Act, the USA PATRIOT Act On October 26, Bush signed the act into law. State legislatures soon enacted similar antiterrorist legislation, through which, the war on terrorism expanded, most significantly at the state and local levels.
This new legislation severely curtailed civil rights and liberties. The detainees at
Guantanamo Bay is only the most prominent example of the administration's regulatory
Practices and new policies during its "war on terrorism." The detainees are not officially
On U.S. territory and the government argues that they therefore have neither constitutional rights nor the rights guaranteed under the Geneva Convention, the international treaty governing detention during wartime. Basic principles like due process, political freedom, and the rule of law were successfully circumvented under the new legislation. The Due Process Clause applies to all "persons" within the United States, including aliens, whether their presence is lawful, unlawful, temporary, or permanent. Yet, Section 412 of the USA PATRIOT Act exposes immigrants to extended, and, in some cases, indefinite, detention based on the attorney general's untested certification that he has "reasonable grounds to believe" that a no citizen is engaged in terrorist activities (Cole 2002:12). Proponents of the new legislation argued repeatedly that these restrictions will facilitate the prevention of new terrorist attacks. Careful observers, however, have claimed that the efficacy of these restrictions has been overstated. More than 1,500 people have been arrested since September 11 in the continuing investigation of that day's crimes. Not one of them has been charged with any involvement in the crimes under investigation. Instead many of them, while initially withheld from legal council, are being held on immigration charges.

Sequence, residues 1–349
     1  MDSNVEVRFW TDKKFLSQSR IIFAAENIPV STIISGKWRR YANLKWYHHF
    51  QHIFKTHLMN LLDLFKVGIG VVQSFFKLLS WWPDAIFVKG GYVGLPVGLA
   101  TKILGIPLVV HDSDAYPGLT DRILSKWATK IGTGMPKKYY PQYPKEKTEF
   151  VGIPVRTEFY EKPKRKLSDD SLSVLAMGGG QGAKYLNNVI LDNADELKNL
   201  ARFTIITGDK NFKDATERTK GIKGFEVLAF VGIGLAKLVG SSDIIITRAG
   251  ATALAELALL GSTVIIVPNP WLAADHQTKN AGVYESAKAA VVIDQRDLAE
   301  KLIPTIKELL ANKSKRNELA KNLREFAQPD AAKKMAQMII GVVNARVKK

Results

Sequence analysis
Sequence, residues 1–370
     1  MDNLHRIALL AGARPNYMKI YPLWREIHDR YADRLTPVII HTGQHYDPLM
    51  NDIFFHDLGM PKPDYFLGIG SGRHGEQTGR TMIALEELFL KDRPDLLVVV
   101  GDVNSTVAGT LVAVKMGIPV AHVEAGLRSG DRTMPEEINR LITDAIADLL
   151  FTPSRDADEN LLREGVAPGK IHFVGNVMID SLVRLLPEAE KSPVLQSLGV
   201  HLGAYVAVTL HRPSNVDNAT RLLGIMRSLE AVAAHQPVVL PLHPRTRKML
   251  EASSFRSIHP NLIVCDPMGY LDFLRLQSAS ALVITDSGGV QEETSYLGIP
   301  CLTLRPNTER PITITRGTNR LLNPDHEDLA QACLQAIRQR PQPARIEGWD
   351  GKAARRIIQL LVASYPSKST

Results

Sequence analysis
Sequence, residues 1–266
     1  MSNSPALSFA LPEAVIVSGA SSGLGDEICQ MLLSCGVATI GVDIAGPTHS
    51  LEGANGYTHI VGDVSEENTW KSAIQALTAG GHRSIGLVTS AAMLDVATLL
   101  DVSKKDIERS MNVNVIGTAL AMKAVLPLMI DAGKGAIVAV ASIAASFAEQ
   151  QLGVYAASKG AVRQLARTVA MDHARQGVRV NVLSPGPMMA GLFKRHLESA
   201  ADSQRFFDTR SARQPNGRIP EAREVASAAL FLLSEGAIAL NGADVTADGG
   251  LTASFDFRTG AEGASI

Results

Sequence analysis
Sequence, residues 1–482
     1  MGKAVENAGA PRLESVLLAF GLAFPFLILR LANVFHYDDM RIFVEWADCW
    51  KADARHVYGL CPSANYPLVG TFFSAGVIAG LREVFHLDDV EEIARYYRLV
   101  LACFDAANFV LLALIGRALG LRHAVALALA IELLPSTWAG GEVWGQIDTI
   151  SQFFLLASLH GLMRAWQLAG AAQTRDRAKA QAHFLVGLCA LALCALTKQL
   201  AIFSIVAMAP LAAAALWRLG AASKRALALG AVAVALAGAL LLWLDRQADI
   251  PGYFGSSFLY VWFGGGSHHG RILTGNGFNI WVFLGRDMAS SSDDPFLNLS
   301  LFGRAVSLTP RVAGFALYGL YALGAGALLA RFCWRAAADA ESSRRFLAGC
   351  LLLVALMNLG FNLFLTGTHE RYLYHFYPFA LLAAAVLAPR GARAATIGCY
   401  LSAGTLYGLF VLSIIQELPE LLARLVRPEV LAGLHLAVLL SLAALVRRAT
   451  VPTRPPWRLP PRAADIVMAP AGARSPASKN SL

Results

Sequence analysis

While the detainees were frequently portrayed as possible "sleeper" terrorists by the mainstream media, little was known initially about the actual treatment and accusations. For months the administration blocked access to the detainees and efforts to ascertain the conditions of their treatment. Only at the end of January 2002 did the Immigration and Naturalization Service (INS) finally announce that Human Rights Watch and Amnesty International (AI) would be allowed access to some detention facilities (Cusac2002). Others remained off-limits to monitoring groups. Since January a few reports about the actual conditions of the detainees have been published in the left-wing press.
Drawing on interviews with detainees and their lawyers, AI sent Attorney General John
Ashcroft a document concerning the detentions in the post-September 11 investigations.
AI stated "that many of those detained during the 11 September sweeps' are held in harsh conditions, some of which may violate international standards for humane treatment." (Cited in Cusec 2002: 25). Moreover, the document points toward "allegations of physical and verbal abuse of detainees by...